On My Wishlist is a fun weekly event hosted by Book Chick City and runs every Saturday. It's where I list all the books I desperately want but haven't actually bought yet. They can be old, new or forthcoming.
Mitchell James Kaplan - By Fire, By Water
Book Blurb: Kaplan, a screenwriter, sets his debut novel in 15-century Spain, amid the Inquisition, the attempt to unify the kingdoms of Spain under Christian rule, and the voyage of Christopher Columbus to what the seaman expects will be the Indies. The action centers on the historical figure of Luis de Santángel, chancellor to the king of Aragon and a converso, a Jewish convert to Christianity at a time when the Inquisition sought to repress judaizing. Santángel is friend and financier of Columbus, surviving parent of young Gabriel, and more curious than is prudent about his Jewish heritage. While he learns about Judaism in clandestine meetings, a parallel story unfolds, centering on Judith Migdal, a beautiful Jewish woman who learns to become a silversmith in Granada, located in the last part of Spain under Muslim rule. Santángel's attraction to Judith grows, even as the Inquisition closes in and the prospect of another world to the West tantalizes. Kaplan has done remarkable homework on the period and crafted a convincing and complex figure in Santángel in what is a naturally cinematic narrative and a fine debut.
Nerys Jones - Godiva
Book Blurb: The setting is Britain, 1045. The Normans are circling, waiting their turn to pounce on the English throne and wrest it away from the Anglo-Saxon barons who grudgingly support King Edward the Confessor, the childless, half-Norman "Virgin King." The royal court is a hotbed of rumor and political intrigue, and everything hinges on the succession. Godiva, wife of Lovric, Earl of Mercia, one of the most powerful barons—and a major landowner in her own right—is drawn into the court machinations. When Edward manipulates their son into a treasonable act and makes him a pawn in his power play, Godiva's ferocious maternal instincts rise to the fore. As the courtly scheming undermines Godiva's hitherto solid marriage and drives her to despair and confusion, the stage is set for a story so powerful its impact has survived for a thousand years. This tale of an independent, resourceful, and intelligent noblewoman tested to the limits of her endurance illuminates one of the great myths of British history.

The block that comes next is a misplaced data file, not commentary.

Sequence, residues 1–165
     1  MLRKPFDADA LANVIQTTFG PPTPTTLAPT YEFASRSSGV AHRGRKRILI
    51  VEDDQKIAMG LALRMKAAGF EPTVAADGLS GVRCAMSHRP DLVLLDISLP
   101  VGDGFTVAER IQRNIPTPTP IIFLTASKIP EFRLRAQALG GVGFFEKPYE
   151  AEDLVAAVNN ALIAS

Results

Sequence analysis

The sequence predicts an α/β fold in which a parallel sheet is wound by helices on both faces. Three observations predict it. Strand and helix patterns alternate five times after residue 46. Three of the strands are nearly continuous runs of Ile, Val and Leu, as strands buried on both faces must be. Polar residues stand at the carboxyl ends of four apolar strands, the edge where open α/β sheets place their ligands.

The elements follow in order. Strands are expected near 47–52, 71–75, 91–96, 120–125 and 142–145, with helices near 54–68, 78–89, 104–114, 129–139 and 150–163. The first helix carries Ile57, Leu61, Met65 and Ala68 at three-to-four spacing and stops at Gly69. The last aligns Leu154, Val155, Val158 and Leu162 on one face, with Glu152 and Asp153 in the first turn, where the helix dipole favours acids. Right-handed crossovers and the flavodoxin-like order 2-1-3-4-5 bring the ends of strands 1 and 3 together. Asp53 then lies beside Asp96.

Julie Carobini - Chocolate Beach
Book Blurb Brianna Stone has an idyllic life. She lives in a comfortable beach home in Ventura, Calif., with her handsome, loving husband, Douglas, and improbably mature 13-year-old son, Nathan. She loves her part-time job leading coastal bus tours and has a lifelong best friend with whom she can talk about everything while eating brownies on the beach. Unfortunately, first-time author Carobini never quite manages to give Brianna any real problems, and, as such, this novel's plot is wispy. Perplexingly, despite her happiness and groundedness, Brianna decides one day, based purely on the comments of an unpleasant acquaintance, that her life might need a makeover. She fears, for reasons that never actually compel the reader, that her husband is bored and wants a more stylish home and wife. While Carobini's descriptions of events and characters are often witty and engaging, the series of misunderstandings that she substitutes for actual problems give the novel a contrived feel. Interestingly, Brianna does have some underlying issues, including a difficult childhood and infertility, but these go largely unexplored. Brianna and most of the people in her life are Christians, and at the end, Brianna realizes many of her problems stem from having neglected God. While this superficiality may disappoint some readers, those looking for a light, occasionally witty beach read may find that it hits the spot.
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